Track topics on Twitter Track topics that are important to you
Alzheimer's disease (AD), a neurodegenerative disease, is characterized by memory loss and synaptic damage. Up to now, there are limited drugs to cure or delay the state of this illness. Recently, the Fyn tyrosine kinase is implicated in AD pathology triggered by synaptic damage. Thus, Fyn inhibition may prevent or delay the AD progression. Therefore, in this paper, we investigated whether Panaxadiol could decrease synaptic damage in AD and the underlying mechanism.
This article was published in the following journal.
Name: Life sciences
Alzheimer's disease (AD), the most prevalent neurodegenerative disease in the elderly population, is characterized by progressive cognitive decline and pathological hallmarks of amyloid plaques and ne...
Although synaptic impairment is a prerequisite to cognitive deficiencies in Alzheimer's disease (AD), mechanisms underlying the dysregulation of essential synaptic scaffolding components and their int...
Currently there is no cure or effective disease-modifying therapy for Alzheimer's disease (AD), the most common form of dementia that is becoming a global threat to public health. It is important to d...
APP (amyloid precursor protein), the causative molecule of Alzheimer's disease, is synthesized in neuronal cell bodies and subsequently transported to synapses. We previously showed that the yata gene...
Phosphorylated tau (P-tau) has received much attention in the field of Alzheimer's disease (AD), as a potential therapeutic target owing to its involvement with synaptic damage and neuronal dysfunctio...
The purpose of this study is to evaluate the safety and efficacy of a study drug that targets an abnormal protein in the brain found in people with Alzheimer's Disease (AD).
In AD, tau protein is abnormally hyperphosphorylated. Significant changes of hyperphosphorylated tau levels in CSF are found in AD patients. It has been shown in vitro that memantine can r...
The purpose of this study is to examine cross-sectional associations between CSF markers of synaptic injury (Ng and SNAP-25) and functional connectivity in default and semantic memory netw...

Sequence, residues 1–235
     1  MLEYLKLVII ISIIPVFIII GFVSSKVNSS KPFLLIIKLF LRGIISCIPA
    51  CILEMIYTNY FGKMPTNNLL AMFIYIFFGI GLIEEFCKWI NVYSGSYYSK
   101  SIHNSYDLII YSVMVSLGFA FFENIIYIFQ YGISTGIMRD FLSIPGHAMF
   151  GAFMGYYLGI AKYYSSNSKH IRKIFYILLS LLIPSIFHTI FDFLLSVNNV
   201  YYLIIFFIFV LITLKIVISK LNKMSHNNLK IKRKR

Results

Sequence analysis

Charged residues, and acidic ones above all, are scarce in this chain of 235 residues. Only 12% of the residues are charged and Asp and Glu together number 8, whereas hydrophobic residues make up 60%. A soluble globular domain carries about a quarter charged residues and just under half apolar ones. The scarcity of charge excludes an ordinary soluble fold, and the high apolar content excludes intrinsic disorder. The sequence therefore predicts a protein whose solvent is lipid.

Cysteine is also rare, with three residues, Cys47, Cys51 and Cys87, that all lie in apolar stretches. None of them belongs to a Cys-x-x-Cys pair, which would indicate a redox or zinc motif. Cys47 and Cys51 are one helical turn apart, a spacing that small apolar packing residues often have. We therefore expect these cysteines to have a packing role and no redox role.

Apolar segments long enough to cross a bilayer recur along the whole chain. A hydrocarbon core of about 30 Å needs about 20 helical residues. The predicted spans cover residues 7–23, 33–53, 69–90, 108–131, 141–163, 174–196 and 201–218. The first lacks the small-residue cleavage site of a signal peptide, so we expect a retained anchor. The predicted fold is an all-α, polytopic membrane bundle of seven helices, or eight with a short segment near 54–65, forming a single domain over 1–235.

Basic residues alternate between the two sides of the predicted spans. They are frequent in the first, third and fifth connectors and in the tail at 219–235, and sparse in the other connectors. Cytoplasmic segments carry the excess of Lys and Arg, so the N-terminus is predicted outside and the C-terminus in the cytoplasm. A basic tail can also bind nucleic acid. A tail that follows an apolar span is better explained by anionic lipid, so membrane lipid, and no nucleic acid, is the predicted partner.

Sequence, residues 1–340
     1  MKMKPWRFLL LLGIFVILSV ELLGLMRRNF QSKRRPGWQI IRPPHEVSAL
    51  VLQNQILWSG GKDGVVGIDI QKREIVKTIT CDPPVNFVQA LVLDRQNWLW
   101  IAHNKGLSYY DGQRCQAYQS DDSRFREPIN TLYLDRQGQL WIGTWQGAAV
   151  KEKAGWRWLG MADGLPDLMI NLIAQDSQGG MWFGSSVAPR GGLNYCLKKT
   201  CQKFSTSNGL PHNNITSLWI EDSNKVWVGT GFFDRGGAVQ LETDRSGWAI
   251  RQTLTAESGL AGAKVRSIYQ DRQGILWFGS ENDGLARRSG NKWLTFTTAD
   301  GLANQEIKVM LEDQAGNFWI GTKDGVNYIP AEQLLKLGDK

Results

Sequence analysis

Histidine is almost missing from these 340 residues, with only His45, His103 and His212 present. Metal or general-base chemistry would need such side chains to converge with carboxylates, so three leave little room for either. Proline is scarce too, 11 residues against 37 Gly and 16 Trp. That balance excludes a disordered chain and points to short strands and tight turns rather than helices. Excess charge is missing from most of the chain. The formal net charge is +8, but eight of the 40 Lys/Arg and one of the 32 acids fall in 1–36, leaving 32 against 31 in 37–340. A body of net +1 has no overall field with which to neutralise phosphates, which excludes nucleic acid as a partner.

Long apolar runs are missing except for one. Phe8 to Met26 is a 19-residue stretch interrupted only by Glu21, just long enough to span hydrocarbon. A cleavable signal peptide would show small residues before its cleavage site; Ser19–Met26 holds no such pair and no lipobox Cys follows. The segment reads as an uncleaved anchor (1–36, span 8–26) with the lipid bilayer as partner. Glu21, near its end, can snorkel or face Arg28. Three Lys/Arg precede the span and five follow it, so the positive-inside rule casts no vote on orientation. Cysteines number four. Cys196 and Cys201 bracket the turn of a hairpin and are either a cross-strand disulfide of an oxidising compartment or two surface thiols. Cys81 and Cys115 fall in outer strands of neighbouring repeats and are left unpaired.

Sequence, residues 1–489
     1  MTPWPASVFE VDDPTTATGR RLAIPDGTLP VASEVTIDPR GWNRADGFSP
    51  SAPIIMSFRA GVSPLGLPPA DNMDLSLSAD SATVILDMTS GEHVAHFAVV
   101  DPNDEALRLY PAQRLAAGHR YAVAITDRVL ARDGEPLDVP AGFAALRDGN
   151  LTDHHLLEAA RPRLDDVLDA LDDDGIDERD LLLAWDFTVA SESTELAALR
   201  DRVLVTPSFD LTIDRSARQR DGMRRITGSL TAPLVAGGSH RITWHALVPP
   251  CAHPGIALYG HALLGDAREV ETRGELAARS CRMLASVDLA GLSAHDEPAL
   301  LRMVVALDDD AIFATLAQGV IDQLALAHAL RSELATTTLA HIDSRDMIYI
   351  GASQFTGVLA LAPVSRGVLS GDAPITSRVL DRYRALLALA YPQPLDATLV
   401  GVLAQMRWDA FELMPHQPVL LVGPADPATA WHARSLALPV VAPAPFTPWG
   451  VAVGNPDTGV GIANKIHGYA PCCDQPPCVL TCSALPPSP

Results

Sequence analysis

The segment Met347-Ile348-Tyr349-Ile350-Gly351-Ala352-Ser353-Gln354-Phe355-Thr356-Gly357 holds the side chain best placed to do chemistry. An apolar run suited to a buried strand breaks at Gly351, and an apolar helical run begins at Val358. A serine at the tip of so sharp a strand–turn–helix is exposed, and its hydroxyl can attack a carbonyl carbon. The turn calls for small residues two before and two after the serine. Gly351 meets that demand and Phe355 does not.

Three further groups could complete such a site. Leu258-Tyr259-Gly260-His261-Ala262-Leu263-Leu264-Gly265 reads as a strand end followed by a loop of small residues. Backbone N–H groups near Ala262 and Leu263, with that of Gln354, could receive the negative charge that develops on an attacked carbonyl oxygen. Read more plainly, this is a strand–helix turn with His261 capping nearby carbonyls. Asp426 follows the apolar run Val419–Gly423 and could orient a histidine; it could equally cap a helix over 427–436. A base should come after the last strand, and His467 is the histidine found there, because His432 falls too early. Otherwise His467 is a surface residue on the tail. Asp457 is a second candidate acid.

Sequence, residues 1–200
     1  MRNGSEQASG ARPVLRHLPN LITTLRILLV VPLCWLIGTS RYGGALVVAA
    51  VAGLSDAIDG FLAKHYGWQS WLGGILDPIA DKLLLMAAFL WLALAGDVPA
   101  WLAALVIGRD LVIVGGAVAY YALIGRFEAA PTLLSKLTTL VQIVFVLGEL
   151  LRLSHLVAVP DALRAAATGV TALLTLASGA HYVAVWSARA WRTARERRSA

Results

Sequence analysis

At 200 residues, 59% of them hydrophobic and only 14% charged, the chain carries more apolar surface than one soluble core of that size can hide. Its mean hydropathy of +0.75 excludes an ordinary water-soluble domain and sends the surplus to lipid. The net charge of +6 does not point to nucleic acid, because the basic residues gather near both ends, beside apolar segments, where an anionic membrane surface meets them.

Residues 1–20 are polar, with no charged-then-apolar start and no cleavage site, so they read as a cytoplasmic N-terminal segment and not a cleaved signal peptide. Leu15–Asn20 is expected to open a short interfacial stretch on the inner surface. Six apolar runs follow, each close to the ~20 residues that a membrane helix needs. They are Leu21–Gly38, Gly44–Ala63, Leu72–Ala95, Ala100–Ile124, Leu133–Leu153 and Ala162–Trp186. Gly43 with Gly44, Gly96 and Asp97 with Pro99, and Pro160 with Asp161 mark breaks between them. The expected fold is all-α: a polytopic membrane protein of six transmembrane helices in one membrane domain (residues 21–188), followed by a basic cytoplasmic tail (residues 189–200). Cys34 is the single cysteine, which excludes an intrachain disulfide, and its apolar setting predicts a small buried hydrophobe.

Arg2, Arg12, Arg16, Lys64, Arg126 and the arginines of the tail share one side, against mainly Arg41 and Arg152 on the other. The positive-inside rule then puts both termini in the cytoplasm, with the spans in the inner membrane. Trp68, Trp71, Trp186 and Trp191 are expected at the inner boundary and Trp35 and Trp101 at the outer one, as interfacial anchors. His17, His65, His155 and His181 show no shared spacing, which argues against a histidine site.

Alzheimer's disease, stroke and TBI are frequently observed brain disorders, causing significant morbidity. For none of these disorders, there are in vivo diagnostic biomarkers available t...
This research study will assess whether AAB-001 is safe, well tolerated and effective for use in patients with Alzheimer's Disease. AAB-001 is a new drug that is not available outside thi...
A progressive form of dementia characterized by the global loss of language abilities and initial preservation of other cognitive functions. Fluent and nonfluent subtypes have been described. Eventually a pattern of global cognitive dysfunction, similar to ALZHEIMER DISEASE, emerges. Pathologically, there are no Alzheimer or PICK DISEASE like changes, however, spongiform changes of cortical layers II and III are present in the TEMPORAL LOBE and FRONTAL LOBE. (From Brain 1998 Jan;121(Pt 1):115-26)
A precursor to the AMYLOID BETA-PROTEIN (beta/A4). Alterations in the expression of the amyloid beta-protein precursor (ABPP) gene, located on chromosome 21, plays a role in the development of the neuropathology common to both ALZHEIMER DISEASE and DOWN SYNDROME. ABPP is associated with the extensive extracellular matrix secreted by neuronal cells. Upon cleavage, this precursor produces three proteins of varying amino acid lengths: 695, 751, and 770. The beta/A4 (695 amino acids) or beta-amyloid protein is the principal component of the extracellular amyloid in senile plaques found in ALZHEIMER DISEASE; DOWN SYNDROME and, to a limited extent, in normal aging.
A rare autosomal recessive disease characterized by the deposition of copper in the BRAIN; LIVER; CORNEA; and other organs. It is caused by defects in the ATP7B gene encoding copper-transporting ATPase 2 (EC 184.108.40.206), also known as the Wilson disease protein. The overload of copper inevitably leads to progressive liver and neurological dysfunction such as LIVER CIRRHOSIS; TREMOR; ATAXIA and intellectual deterioration. Hepatic dysfunction may precede neurologic dysfunction by several years.
A biochemical phenomenon in which misfolded proteins aggregate either intra- or extracellularly. Triggered by factors such as MUTATION, POST-TRANSLATIONAL MODIFICATIONS, and environmental stress, it is generally associated with ALZHEIMER DISEASE; PARKINSON DISEASE; HUNTINGTON DISEASE; and TYPE 2 DIABETES MELLITUS.
A synaptic membrane protein involved in MEMBRANE FUSION of SYNAPTIC VESICLES with the presynaptic membranes. It is the prototype member of the R-SNARE PROTEINS.
Neurology - Central Nervous System (CNS)
Alzheimer's Disease Anesthesia Anxiety Disorders Autism Bipolar Disorders Dementia Epilepsy Multiple Sclerosis (MS) Neurology Pain Parkinson's Disease Sleep Disorders Neurology is the branch of me...